If you work in the biometrics industry or you happen to follow it closely, you are probably aware that a topic of discussion that frequently comes up is how does the aging of the human body effect the way that biometric systems are designed and deployed. In fact, a recent industry dust up saw researchers at The University of Notre Dame dispute the conclusions of a National Institute of Standards & Technology (MIST) study that the aging of the iris in humans does not have a significant impact in their ability to be identified in an iris biometric authentication system. The NIST study actually came on the heels of The University of Notre Dame’s study that age does in fact play a role in an iris biometrics identification system inability to recognize an individual previously enrolled in the database. Potato vs. Potatoe? Right now, it’s difficult to tell which report to believe.
What’s clear is that as the field of biometrics for identification management continues to expand and evolve, increased stringency will be placed on the affect that aging has on biometric systems and biometric research and development companies will be close attention to research and experimental results on this topic. The industry will be pleased to know that a new book by Michael Fairhurst has just been published called: “Age Factors in Biometric Processing” by The Institution of Engineering and Technology (IET) which details the effect that human aging has on the long term performance of biometric systems. Perhaps foreshadowing for just how complicated and in-depth this issue is, Fairhurst writes in his Introduction:
“It is clear, therefore, that the question of what the effects of human aging are likely to be in relation to biometric measurements, and how this phenomenon affects the performance of a particular biometric system, is very complex, and will almost certainly depend on many very different factors.”
Mr. Fairhurst assembles his book into four primary sections:
1.) An introduction to the aging process and an overview of biometric systems – setting the stage for discussion on how aging can effect individual biometric modalities
2.) A study of how aging effects specific biometric modalities including physiological and behavioral modalities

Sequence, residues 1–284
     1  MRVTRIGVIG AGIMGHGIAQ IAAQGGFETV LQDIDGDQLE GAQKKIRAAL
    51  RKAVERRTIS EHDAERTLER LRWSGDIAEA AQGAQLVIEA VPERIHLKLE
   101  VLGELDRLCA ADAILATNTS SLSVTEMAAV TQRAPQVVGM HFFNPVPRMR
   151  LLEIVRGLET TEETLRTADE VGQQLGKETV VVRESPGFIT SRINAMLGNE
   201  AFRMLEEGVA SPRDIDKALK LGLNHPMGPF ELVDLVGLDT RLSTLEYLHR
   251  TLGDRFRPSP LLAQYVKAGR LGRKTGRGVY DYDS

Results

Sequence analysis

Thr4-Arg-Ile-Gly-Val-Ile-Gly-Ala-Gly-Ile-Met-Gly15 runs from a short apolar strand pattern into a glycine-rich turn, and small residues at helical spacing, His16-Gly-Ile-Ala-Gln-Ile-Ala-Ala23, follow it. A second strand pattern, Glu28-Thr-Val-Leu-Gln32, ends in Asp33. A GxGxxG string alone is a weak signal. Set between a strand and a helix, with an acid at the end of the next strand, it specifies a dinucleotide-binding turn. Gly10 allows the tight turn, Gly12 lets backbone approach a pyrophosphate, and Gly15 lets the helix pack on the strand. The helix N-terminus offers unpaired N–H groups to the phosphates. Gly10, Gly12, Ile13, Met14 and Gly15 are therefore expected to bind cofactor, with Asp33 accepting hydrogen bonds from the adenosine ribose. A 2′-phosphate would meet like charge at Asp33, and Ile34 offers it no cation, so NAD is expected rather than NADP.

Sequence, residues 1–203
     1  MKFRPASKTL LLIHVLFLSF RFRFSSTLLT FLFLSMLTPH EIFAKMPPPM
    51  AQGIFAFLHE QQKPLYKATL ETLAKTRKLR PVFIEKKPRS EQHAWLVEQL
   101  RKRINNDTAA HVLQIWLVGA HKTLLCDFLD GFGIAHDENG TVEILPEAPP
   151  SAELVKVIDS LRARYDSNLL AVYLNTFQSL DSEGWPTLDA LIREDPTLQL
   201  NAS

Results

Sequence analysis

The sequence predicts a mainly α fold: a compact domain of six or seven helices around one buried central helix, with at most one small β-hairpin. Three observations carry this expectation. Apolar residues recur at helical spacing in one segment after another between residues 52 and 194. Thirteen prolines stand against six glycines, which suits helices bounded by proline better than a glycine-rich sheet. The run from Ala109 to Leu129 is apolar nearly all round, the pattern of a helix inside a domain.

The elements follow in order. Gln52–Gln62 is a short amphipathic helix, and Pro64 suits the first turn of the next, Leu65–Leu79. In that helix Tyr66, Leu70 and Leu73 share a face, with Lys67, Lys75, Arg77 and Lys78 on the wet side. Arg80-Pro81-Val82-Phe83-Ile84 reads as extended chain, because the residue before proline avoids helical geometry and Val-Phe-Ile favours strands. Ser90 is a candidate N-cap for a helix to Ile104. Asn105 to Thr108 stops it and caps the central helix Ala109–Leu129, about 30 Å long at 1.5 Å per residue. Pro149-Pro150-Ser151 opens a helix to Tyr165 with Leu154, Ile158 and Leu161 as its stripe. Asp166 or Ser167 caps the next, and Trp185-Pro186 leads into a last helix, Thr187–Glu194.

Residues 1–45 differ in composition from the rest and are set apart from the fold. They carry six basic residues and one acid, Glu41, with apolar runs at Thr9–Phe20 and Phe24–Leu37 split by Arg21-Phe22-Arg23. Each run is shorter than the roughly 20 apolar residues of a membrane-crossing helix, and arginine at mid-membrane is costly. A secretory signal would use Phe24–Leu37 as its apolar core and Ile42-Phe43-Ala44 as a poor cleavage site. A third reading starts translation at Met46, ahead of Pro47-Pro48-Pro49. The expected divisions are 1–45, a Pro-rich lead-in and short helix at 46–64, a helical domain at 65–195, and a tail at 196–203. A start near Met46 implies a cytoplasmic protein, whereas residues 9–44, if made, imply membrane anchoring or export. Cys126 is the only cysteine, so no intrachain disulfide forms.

3.) A closer look at the topic of aging from the perspective of an industrial viewpoint, a forensics perspective, and the impact of aging on one of the more popular biometric modalities – facial recognition
4.) A look to the future and based on the conclusions of this book, what type and the scope of research that may be needed in the future
The book is highly technical in nature, offering an array of charts, graphs, photos, and mathematical equations throughout that help explain and support the conclusions the researchers put forth. Most chapters include a brief conclusion at the end that summarize the results of each experiment and research. A quick read through the book and an interpretation of the researchers’ conclusions clearly tells us that they overwhelmingly felt that age does indeed have a detrimental effect on biometric processing since “aging introduces variability of key biometric features over time.” Another important point that the researcher’s postulate is that the comparison of the aging of one person is not enough to predict how a much larger biometric system will act and it’s important to include as large a pool of individuals as possible to assess recognition performance results.
We were happy to see this important research text published and made available to help further explain the effect that aging has on the construction and performance of biometric identification systems. Age Factors in Biometric Processing is available through IET’s Web site by clicking here.
What are your conclusions on how aging effects biometric identification?